Chapter 13

Multiple Access
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Figure 13.1

Multiple-access protocols

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13.1 Random Access
MA CSMA CSMA/CD CSMA/CA

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Figure 13.2

Evolution of random-access methods

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Figure 13.3

ALOHA network

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Figure 13.4

Procedure for ALOHA protocol

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Figure 13.5

Collision in CSMA

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Figure 13.6

Persistence strategies

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13.7

CSMA/CD procedure

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Figure 13.8

CSMA/CA procedure

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13.2 Control Access
Reservation

Polling Token Passing

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Figure 13.9

Reservation access method

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Figure 13.10

Select

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Figure 13.11

Poll

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Figure 13.12

Token-passing network

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Figure 13.13

Token-passing procedure

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13.3 Channelization
FDMA TDMA CDMA

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Note: In FDMA, the bandwidth is divided into channels.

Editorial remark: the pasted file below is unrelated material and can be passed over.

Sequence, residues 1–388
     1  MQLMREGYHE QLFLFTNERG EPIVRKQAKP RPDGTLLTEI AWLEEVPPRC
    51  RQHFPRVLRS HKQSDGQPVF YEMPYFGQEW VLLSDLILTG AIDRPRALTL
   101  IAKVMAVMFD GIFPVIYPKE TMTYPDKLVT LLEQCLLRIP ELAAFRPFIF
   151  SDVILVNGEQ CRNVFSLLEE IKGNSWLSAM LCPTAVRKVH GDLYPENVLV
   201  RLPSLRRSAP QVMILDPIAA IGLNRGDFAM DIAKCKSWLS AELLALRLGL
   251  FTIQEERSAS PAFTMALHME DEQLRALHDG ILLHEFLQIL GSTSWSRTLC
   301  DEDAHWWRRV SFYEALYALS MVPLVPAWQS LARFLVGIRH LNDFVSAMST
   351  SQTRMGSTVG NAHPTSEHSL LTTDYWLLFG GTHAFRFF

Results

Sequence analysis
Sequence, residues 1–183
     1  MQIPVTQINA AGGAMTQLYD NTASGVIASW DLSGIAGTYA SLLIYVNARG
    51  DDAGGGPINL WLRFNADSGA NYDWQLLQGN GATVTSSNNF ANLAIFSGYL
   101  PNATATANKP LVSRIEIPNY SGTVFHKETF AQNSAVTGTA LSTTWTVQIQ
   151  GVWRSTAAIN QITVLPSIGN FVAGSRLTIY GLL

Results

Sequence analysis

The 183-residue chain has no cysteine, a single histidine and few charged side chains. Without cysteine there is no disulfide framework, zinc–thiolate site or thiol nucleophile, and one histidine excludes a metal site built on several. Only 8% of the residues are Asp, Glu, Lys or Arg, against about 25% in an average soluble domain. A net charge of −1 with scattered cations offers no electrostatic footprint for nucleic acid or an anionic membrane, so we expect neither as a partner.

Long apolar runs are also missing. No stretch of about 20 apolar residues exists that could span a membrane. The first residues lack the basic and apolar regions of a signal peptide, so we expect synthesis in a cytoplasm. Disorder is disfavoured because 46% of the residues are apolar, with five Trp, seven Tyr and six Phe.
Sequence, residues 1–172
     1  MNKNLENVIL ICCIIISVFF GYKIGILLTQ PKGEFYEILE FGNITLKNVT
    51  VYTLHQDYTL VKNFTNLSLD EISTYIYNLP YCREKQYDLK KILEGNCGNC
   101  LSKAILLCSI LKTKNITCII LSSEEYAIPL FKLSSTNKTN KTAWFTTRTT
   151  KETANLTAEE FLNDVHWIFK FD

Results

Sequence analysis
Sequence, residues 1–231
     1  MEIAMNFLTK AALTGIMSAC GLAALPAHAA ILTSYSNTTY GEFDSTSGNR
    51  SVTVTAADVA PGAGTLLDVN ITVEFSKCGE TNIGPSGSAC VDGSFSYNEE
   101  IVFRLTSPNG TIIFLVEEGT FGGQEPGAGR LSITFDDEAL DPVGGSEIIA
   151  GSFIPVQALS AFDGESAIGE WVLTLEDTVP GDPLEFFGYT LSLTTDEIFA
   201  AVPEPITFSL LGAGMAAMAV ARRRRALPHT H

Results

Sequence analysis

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Note: In TDMA, the bandwidth is just one channel that is timeshared.

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Note: In CDMA, one channel carries all transmissions simultaneously.

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Figure 13.14

Chip sequences

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Figure 13.15

Encoding rules

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Figure 13.16

CDMA multiplexer

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Figure 13.17

CDMA demultiplexer

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Figure 13.18

W1 and W2N

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Figure 13.19

Sequence generation

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Example 1
Check to see if the second property about orthogonal codes holds for our CDMA example.

Solution
The inner product of each code by itself is N. This is shown for code C; you can prove for yourself that it holds true for the other codes. 4 C . C = [+1, +1, −1, −1] . [+1, +1, −1, −1] = 1 + 1 + 1 + 1 =

If two sequences are different, the inner product is 0. 0 B . C = [+1, −1, +1, −1] . [+1, +1, −1, −1] = 1 − 1 − 1 + 1 =
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Example 2
Check to see if the third property about orthogonal codes holds for our CDMA example.

Solution
The inner product of each code by its complement is −N. This is shown for code C; you can prove for yourself that it holds true for the other codes. C . (−C ) = [+1, +1, −1, −1] . [−1, −1, +1, +1] = − 1 − 1 − 1 − 1 = −4 The inner product of a code with the complement of another code is 0. B . (−C ) = [+1, −1, +1, −1] . [−1, −1, +1, +1] = −1 + 1 + 1 − 1 = 0

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